“I'm really inspired by the 60s and always have been,” Vinas says. “It's something I really gravitate toward. It's a hide and go seek game at 200 Lex [the New York Design Center]. You just go find your pieces that are calling your name.”
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  The 70s, curated by designer Nate Berkus. Berkus pulled together vintage pieces from 1st Dibs, wallpaper from Flavor Paper, and his own collection of accessories available at Target.  Courtesy of Neilson Barnard.
    The 70s, curated by designer Nate Berkus. Berkus pulled together vintage pieces from 1st Dibs, wallpaper from Flavor Paper, and his own collection of accessories available at Target. Courtesy of Neilson Barnard.
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  The organic form of a philodendron leaf and its shadows play off of the geometric shapes and patterns of Berkus’s selections.
    The organic form of a philodendron leaf and its shadows play off of the geometric shapes and patterns of Berkus’s selections.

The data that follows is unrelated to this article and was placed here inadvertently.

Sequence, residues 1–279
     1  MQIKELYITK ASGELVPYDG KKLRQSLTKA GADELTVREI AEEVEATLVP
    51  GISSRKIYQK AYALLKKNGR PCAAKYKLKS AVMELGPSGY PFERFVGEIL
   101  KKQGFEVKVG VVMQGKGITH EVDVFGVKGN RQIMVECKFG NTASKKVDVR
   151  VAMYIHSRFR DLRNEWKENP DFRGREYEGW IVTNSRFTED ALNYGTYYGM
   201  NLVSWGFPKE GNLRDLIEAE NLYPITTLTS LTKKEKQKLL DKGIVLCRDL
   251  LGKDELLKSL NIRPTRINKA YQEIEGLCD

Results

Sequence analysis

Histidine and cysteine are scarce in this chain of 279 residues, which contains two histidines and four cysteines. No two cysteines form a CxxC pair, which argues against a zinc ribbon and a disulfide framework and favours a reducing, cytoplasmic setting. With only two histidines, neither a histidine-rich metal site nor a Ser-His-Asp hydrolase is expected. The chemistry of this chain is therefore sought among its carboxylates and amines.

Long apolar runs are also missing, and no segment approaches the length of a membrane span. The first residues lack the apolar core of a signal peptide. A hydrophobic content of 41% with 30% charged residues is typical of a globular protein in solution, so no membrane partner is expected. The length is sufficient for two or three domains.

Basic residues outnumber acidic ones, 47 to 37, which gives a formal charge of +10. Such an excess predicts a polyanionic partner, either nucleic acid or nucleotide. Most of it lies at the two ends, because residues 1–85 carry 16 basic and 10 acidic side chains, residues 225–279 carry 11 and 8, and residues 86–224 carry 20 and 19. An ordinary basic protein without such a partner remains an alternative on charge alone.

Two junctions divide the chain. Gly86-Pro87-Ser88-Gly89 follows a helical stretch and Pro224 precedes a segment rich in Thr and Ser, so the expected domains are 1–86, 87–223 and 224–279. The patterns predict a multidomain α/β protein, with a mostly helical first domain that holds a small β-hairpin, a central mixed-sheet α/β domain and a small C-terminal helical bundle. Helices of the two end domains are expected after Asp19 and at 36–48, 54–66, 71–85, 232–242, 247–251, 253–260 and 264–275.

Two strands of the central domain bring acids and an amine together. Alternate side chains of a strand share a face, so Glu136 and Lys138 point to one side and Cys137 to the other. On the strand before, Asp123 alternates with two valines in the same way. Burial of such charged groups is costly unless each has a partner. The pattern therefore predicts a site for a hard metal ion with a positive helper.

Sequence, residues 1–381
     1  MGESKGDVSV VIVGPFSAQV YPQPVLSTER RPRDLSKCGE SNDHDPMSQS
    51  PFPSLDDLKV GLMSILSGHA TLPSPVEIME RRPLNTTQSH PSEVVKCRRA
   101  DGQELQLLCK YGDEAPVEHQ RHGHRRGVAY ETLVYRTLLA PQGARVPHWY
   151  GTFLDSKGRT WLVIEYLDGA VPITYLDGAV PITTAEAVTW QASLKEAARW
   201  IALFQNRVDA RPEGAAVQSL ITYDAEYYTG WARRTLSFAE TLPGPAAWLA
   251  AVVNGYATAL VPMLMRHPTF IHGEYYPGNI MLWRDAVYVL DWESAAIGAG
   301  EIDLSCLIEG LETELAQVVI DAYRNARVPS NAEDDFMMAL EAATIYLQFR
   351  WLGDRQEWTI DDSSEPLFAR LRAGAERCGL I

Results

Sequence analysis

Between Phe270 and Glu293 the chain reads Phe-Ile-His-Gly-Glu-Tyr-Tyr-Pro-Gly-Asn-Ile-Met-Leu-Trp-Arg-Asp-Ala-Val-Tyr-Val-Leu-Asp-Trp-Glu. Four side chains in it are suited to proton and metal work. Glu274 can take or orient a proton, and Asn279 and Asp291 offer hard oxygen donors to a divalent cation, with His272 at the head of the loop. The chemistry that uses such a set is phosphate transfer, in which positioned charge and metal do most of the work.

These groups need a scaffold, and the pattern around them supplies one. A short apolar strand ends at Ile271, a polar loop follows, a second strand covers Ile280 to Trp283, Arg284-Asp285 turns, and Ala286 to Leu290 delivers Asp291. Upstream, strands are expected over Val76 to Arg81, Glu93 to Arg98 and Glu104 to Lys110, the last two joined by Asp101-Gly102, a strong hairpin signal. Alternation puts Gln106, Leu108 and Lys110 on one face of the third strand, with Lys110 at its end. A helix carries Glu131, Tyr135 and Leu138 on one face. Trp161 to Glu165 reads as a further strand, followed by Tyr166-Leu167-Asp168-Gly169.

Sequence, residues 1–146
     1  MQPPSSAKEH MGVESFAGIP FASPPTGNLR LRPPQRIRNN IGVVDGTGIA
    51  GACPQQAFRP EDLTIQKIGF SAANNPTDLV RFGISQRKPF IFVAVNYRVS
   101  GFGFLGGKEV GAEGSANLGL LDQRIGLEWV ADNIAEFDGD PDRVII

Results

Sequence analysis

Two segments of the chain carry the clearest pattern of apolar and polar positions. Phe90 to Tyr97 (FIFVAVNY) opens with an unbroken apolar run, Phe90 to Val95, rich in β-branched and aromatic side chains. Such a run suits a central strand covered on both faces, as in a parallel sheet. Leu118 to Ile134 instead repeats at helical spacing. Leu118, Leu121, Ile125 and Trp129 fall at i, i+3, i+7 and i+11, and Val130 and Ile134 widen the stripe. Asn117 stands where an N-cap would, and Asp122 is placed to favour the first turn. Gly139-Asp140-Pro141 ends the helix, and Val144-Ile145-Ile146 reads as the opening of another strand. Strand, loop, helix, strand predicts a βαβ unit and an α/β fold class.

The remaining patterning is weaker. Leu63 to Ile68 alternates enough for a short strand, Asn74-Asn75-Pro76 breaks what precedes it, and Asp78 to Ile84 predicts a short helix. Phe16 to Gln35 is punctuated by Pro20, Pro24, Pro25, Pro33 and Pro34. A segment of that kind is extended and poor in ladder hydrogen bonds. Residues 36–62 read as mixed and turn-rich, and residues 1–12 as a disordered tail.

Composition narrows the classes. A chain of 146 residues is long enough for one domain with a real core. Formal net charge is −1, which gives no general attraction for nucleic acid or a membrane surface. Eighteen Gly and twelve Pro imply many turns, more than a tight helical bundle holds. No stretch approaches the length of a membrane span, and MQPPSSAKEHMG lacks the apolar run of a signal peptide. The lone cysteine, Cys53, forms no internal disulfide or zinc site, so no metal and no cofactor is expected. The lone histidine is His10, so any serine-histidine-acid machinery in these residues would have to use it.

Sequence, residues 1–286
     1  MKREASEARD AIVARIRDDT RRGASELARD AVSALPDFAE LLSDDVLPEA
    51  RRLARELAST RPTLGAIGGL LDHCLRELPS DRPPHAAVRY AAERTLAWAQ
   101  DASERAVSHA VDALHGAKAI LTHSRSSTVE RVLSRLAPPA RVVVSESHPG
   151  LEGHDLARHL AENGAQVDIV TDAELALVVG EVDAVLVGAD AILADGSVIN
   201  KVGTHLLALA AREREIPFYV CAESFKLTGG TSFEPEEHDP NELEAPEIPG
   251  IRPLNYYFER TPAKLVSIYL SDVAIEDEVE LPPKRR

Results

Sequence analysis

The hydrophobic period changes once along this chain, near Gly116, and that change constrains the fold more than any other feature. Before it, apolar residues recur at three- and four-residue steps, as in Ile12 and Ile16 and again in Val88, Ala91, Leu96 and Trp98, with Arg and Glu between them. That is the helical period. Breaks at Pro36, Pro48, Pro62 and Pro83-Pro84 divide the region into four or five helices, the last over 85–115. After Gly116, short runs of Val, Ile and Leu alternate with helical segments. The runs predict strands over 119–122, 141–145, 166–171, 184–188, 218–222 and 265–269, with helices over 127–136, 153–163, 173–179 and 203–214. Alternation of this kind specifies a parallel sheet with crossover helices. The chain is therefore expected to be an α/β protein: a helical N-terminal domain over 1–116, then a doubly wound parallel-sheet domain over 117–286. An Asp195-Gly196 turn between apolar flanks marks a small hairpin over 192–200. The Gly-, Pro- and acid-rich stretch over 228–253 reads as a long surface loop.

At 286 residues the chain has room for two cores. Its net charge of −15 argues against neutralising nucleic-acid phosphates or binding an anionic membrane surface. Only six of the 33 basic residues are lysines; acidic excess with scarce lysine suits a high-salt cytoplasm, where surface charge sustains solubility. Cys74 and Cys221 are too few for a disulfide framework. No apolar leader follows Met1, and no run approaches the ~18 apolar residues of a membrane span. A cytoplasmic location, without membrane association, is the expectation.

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  “There is something so memorable about 70’s inspired design,” Berkus says. 
He balances the “metallic sheens and edginess” of an aluminum side table with a crisp, graphic carpet and the softness of fur.
    “There is something so memorable about 70’s inspired design,” Berkus says. He balances the “metallic sheens and edginess” of an aluminum side table with a crisp, graphic carpet and the softness of fur.
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  Designer Francis D’Haene took on the challenge of the “ME! ME! ME!” decade of the 80s. “It’s a difficult decade because you can’t find a lot of 80s pieces,” D’Haene says. “I absolutely took a fun approach.”
    Designer Francis D’Haene took on the challenge of the “ME! ME! ME!” decade of the 80s. “It’s a difficult decade because you can’t find a lot of 80s pieces,” D’Haene says. “I absolutely took a fun approach.”